Merging modelled data sources: Additional options

When you merge two modelled data sources, you do so by choosing a column from each that contains the same data in order to align the two. This is your join key.

Are there discrepancies between the data in the data sources you want to merge? If there are multiple matches or no matches for specific values in your join key, you can align your data using our additional merge options.

What are the additional options?

When using the additional merge options, you first select what to do when multiple matches are found for a value in your join key, then you specify which action to take when no matches are found for a value in your join key.

Your selections dictate how the data will be incorporated into your merged modelled data source.

The following variations are available based on your selections:

If you choose to include only the first match and...

  • Exclude rows that do not match
  • Include rows for unmatched values from the primary data source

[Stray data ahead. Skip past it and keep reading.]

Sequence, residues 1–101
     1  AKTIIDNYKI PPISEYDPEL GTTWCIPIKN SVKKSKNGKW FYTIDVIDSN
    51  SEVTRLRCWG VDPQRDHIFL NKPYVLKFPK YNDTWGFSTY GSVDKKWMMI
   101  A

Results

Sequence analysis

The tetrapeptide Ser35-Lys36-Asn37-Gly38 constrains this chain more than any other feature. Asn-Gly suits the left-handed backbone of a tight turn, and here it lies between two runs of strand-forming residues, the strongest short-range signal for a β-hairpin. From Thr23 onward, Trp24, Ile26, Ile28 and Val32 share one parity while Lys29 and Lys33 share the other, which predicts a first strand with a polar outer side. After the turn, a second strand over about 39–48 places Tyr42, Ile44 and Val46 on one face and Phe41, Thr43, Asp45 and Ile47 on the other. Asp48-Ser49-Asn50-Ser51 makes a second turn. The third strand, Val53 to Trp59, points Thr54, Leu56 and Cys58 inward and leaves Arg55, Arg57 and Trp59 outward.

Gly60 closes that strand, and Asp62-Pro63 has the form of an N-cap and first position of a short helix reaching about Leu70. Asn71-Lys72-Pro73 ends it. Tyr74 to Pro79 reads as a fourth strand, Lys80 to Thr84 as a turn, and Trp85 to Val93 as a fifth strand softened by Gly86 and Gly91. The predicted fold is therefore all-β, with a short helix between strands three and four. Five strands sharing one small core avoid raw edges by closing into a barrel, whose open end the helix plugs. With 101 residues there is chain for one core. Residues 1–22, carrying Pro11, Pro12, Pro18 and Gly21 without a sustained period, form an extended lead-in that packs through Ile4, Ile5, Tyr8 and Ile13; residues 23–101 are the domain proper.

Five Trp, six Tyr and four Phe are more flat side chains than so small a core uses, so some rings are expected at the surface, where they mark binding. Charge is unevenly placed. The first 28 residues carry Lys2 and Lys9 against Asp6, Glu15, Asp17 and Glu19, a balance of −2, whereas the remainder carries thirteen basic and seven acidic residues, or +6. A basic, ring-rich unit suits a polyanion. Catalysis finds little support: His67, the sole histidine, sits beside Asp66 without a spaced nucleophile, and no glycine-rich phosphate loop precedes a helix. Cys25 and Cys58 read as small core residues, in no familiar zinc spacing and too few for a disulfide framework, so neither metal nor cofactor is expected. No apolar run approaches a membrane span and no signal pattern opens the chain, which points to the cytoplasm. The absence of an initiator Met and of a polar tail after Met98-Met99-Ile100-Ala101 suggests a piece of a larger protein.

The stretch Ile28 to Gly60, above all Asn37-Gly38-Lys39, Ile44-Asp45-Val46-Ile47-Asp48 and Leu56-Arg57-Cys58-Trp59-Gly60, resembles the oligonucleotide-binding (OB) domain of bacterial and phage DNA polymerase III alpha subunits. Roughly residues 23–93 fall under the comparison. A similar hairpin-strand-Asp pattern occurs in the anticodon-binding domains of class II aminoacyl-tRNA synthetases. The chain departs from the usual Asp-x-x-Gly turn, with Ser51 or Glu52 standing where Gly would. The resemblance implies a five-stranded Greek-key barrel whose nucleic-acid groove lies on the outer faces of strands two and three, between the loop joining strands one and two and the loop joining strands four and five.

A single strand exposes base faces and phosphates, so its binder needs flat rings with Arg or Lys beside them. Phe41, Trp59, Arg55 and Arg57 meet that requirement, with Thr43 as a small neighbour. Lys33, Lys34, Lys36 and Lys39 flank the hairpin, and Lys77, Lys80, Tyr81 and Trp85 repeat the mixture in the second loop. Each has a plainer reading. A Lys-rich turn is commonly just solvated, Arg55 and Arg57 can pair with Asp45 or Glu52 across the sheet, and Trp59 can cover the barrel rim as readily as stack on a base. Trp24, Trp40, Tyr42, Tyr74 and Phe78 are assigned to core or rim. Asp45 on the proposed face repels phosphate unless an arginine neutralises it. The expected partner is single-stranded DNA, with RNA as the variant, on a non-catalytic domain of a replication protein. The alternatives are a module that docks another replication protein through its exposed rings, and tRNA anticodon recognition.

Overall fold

• Add rows for unmatched values from the secondary data source

If you choose to include all matches and...

  • Exclude rows that do not match
  • Include rows for unmatched values from the primary data source
  • Add rows for unmatched values from the secondary data source

How do I access the additional options?

After choosing which modelled data sources to merge, aligning your data by selecting the join key, and adding columns, you can choose to continue to the additional merge options. To access the additional options from the merge wizard, finish making your column selections, then click Next from the Add columns to merged data step.

For general information on merging modelled data sources, go here.